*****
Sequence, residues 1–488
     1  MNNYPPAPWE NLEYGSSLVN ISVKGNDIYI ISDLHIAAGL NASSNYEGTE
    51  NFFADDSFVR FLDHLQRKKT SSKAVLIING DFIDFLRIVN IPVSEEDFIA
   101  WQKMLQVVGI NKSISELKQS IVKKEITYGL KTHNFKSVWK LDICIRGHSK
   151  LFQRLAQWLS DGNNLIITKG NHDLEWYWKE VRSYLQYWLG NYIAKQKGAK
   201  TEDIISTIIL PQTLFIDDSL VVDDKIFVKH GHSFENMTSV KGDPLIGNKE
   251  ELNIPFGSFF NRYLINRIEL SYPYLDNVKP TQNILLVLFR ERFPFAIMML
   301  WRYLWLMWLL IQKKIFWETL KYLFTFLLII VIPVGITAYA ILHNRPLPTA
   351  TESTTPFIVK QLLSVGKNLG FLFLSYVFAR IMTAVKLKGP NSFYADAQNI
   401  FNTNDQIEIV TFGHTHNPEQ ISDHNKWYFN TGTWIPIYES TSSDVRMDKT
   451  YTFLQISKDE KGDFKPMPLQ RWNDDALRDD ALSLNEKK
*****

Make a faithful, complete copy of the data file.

Sequence, residues 1–488
     1  MNNYPPAPWE NLEYGSSLVN ISVKGNDIYI ISDLHIAAGL NASSNYEGTE
    51  NFFADDSFVR FLDHLQRKKT SSKAVLIING DFIDFLRIVN IPVSEEDFIA
   101  WQKMLQVVGI NKSISELKQS IVKKEITYGL KTHNFKSVWK LDICIRGHSK
   151  LFQRLAQWLS DGNNLIITKG NHDLEWYWKE VRSYLQYWLG NYIAKQKGAK
   201  TEDIISTIIL PQTLFIDDSL VVDDKIFVKH GHSFENMTSV KGDPLIGNKE
   251  ELNIPFGSFF NRYLINRIEL SYPYLDNVKP TQNILLVLFR ERFPFAIMML
   301  WRYLWLMWLL IQKKIFWETL KYLFTFLLII VIPVGITAYA ILHNRPLPTA
   351  TESTTPFIVK QLLSVGKNLG FLFLSYVFAR IMTAVKLKGP NSFYADAQNI
   401  FNTNDQIEIV TFGHTHNPEQ ISDHNKWYFN TGTWIPIYES TSSDVRMDKT
   451  YTFLQISKDE KGDFKPMPLQ RWNDDALRDD ALSLNEKK